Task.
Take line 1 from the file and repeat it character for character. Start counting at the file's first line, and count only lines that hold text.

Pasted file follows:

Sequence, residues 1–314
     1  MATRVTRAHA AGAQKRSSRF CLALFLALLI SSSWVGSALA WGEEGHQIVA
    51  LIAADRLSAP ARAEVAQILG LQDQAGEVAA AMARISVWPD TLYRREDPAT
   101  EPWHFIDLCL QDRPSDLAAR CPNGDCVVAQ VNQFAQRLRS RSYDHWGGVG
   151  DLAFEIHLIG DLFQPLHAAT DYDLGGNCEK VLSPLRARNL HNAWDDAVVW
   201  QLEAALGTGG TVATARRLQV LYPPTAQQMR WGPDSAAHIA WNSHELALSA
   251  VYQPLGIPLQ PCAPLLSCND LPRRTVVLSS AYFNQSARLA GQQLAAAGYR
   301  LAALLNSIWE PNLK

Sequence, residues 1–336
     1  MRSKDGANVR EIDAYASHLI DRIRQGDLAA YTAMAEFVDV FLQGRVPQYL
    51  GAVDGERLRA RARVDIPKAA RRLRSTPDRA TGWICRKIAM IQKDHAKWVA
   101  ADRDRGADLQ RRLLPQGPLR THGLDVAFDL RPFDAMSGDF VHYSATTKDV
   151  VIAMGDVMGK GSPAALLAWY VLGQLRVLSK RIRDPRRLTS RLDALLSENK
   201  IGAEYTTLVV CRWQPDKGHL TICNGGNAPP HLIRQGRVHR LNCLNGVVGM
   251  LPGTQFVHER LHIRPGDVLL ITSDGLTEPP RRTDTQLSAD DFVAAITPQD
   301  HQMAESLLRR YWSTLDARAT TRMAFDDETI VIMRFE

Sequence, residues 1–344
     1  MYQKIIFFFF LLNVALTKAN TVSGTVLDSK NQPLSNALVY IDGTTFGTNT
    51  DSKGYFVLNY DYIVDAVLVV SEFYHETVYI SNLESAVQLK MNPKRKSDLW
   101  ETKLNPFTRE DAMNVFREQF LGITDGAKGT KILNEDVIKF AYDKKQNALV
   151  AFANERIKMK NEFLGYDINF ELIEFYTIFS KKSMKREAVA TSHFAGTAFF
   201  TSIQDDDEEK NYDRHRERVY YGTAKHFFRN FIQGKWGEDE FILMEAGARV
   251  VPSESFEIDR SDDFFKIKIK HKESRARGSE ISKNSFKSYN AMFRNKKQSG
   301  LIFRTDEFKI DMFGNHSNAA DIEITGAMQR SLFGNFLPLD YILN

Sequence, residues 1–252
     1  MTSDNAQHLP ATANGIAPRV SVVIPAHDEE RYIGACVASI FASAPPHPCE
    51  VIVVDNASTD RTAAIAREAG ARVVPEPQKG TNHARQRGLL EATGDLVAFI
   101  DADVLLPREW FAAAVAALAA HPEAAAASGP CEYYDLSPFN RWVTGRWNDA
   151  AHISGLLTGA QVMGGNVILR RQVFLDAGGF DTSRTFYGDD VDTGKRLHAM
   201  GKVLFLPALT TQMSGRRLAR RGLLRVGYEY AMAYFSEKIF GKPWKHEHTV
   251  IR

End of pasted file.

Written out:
Sequence, residues 1–314